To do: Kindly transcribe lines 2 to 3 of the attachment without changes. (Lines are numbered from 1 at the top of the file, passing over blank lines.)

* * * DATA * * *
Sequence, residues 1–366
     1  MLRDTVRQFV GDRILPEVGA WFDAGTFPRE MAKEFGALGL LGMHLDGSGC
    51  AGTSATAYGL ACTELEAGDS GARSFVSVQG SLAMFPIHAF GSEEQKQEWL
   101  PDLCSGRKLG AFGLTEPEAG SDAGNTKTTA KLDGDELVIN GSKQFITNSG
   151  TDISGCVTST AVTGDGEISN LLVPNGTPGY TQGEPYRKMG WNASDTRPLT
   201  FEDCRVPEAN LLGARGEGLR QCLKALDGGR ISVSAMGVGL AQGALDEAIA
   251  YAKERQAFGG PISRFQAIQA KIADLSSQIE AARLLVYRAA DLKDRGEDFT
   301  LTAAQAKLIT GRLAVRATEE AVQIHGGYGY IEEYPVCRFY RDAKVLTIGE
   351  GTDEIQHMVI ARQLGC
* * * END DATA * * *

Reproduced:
     1  MLRDTVRQFV GDRILPEVGA WFDAGTFPRE MAKEFGALGL LGMHLDGSGC
    51  AGTSATAYGL ACTELEAGDS GARSFVSVQG SLAMFPIHAF GSEEQKQEWL